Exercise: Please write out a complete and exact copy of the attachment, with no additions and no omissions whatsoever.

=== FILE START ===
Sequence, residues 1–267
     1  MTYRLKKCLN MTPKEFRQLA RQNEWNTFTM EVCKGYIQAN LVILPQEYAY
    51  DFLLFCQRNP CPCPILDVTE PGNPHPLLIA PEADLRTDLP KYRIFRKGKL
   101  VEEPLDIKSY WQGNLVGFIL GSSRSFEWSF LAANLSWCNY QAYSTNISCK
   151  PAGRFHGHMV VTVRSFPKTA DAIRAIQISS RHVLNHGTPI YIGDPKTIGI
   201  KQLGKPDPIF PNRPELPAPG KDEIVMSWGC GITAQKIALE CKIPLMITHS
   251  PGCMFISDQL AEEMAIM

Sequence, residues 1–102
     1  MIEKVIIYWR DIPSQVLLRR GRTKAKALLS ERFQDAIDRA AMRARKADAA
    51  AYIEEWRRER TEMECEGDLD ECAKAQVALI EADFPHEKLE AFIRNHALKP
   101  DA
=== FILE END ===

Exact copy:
Sequence, residues 1–267
     1  MTYRLKKCLN MTPKEFRQLA RQNEWNTFTM EVCKGYIQAN LVILPQEYAY
    51  DFLLFCQRNP CPCPILDVTE PGNPHPLLIA PEADLRTDLP KYRIFRKGKL
   101  VEEPLDIKSY WQGNLVGFIL GSSRSFEWSF LAANLSWCNY QAYSTNISCK
   151  PAGRFHGHMV VTVRSFPKTA DAIRAIQISS RHVLNHGTPI YIGDPKTIGI
   201  KQLGKPDPIF PNRPELPAPG KDEIVMSWGC GITAQKIALE CKIPLMITHS
   251  PGCMFISDQL AEEMAIM

Sequence, residues 1–102
     1  MIEKVIIYWR DIPSQVLLRR GRTKAKALLS ERFQDAIDRA AMRARKADAA
    51  AYIEEWRRER TEMECEGDLD ECAKAQVALI EADFPHEKLE AFIRNHALKP
   101  DA